This Month in the Garden! This month's post gets your garden prepared to endure those cold winter months, especially if you live in USDA hardiness zones 7 and under! Broad-leaved evergreens are a lovely addition to the landscape, but may need some special care if you live in a colder region where temperatures go below freezing! These beauties are known for their larger attractive foliage when compared to other evergreens, and more surface area means more exposure to drying winds and cold. This can cause winter desiccation, which can do damage to your plant, so it's best to be proactive.

Desiccation Explained: Have you ever noticed how some broad-leaved evergreens may look very scorched at the end of winter? Desiccation, or winter drying, is caused by extreme moisture loss from the foliage of broader leaved evergreens by the process of transpiration, mostly caused by a combination of winds and cold temperatures. Anti-desiccant spray is an organic based spray application that lasts throughout the winter, and helps to prevent this water loss from happening.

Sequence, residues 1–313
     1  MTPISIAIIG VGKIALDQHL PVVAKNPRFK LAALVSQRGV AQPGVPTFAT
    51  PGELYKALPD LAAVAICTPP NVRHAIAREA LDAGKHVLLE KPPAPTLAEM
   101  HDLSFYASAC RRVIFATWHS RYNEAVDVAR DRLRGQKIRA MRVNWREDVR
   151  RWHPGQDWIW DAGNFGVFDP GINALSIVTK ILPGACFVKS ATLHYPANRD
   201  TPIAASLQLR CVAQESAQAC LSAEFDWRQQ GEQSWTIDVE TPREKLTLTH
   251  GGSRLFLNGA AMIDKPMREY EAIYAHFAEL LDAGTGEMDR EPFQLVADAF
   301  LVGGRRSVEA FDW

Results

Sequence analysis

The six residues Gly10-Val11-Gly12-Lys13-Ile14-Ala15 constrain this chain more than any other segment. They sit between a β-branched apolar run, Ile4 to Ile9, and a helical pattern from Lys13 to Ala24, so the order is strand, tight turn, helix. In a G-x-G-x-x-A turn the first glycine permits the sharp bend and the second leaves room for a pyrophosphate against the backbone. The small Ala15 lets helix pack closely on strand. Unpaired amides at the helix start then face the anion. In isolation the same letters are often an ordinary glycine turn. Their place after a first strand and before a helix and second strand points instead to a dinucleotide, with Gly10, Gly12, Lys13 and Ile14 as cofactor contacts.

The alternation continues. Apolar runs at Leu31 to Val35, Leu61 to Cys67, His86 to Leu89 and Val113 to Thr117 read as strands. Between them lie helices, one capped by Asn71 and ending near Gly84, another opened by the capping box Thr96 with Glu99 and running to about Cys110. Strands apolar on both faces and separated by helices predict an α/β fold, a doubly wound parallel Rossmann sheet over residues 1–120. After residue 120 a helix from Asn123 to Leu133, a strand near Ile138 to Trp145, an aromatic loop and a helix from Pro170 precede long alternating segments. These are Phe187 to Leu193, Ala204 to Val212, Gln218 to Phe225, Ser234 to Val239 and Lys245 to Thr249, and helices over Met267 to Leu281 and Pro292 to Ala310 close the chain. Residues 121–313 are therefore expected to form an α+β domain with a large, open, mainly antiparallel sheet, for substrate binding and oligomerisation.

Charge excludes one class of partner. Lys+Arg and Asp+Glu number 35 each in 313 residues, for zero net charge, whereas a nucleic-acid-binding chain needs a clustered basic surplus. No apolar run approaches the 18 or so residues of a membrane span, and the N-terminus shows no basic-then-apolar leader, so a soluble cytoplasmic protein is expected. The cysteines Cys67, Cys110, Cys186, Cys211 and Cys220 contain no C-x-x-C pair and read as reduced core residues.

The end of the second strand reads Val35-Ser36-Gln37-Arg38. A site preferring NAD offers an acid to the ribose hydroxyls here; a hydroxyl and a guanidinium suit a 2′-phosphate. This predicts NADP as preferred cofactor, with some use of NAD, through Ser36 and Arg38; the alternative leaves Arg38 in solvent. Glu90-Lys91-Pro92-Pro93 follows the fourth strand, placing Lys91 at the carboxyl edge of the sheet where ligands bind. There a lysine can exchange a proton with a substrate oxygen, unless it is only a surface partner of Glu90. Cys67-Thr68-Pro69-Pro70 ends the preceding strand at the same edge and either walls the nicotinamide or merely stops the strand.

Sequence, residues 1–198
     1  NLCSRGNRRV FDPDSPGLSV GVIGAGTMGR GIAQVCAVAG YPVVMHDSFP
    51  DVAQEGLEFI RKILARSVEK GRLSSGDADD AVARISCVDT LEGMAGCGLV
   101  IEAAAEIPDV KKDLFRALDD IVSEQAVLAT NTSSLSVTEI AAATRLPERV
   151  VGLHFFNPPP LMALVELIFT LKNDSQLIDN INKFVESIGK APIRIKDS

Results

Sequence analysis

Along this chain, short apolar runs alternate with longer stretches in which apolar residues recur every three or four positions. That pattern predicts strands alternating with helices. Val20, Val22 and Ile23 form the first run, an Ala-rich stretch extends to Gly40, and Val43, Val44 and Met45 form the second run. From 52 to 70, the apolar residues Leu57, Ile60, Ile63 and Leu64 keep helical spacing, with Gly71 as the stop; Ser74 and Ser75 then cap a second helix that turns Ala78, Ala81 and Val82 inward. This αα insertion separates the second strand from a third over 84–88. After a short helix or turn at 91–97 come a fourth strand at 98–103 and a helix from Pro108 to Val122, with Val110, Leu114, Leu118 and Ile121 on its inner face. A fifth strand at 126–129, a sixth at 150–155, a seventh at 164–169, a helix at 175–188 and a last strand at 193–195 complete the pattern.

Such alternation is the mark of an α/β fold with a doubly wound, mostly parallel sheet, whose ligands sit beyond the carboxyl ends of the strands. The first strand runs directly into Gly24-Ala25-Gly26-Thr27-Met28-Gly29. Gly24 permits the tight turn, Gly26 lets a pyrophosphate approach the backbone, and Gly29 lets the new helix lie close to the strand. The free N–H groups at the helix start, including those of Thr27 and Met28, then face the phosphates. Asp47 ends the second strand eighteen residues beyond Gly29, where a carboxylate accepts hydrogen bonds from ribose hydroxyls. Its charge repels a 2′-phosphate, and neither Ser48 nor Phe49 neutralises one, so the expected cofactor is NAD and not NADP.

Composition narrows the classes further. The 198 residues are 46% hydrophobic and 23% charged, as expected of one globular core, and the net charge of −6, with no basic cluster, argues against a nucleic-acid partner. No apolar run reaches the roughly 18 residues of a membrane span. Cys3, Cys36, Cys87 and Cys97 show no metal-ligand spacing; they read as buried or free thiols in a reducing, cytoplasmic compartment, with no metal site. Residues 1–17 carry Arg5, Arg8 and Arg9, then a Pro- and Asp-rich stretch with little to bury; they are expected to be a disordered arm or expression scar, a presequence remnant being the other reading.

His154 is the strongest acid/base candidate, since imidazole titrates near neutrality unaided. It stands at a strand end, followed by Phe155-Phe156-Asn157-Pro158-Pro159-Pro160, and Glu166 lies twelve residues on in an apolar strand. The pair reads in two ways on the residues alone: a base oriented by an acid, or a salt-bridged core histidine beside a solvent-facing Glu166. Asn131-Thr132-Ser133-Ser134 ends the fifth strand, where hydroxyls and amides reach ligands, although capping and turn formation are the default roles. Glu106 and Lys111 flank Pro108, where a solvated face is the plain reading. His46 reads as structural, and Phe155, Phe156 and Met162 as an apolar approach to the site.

Which plants should be sprayed with an anti-desiccant?: Apply an anti-desiccant spray to your broad-leaved evergreens such as holly, Osmanthus (False Holly), euonymus, rhododendron, cherry and skip laurel, mountain laurel, Japanese skimmia, leucothoe, aucuba and boxwood.

When to Apply: Apply when the daytime temperatures start falling below 50 degrees (late fall/early winter). Be sure that the temperatures are above freezing and there is no threat of rain or frost within 24 hours. Here on Long Island (zone7), application should be done sometime before Thanksgiving.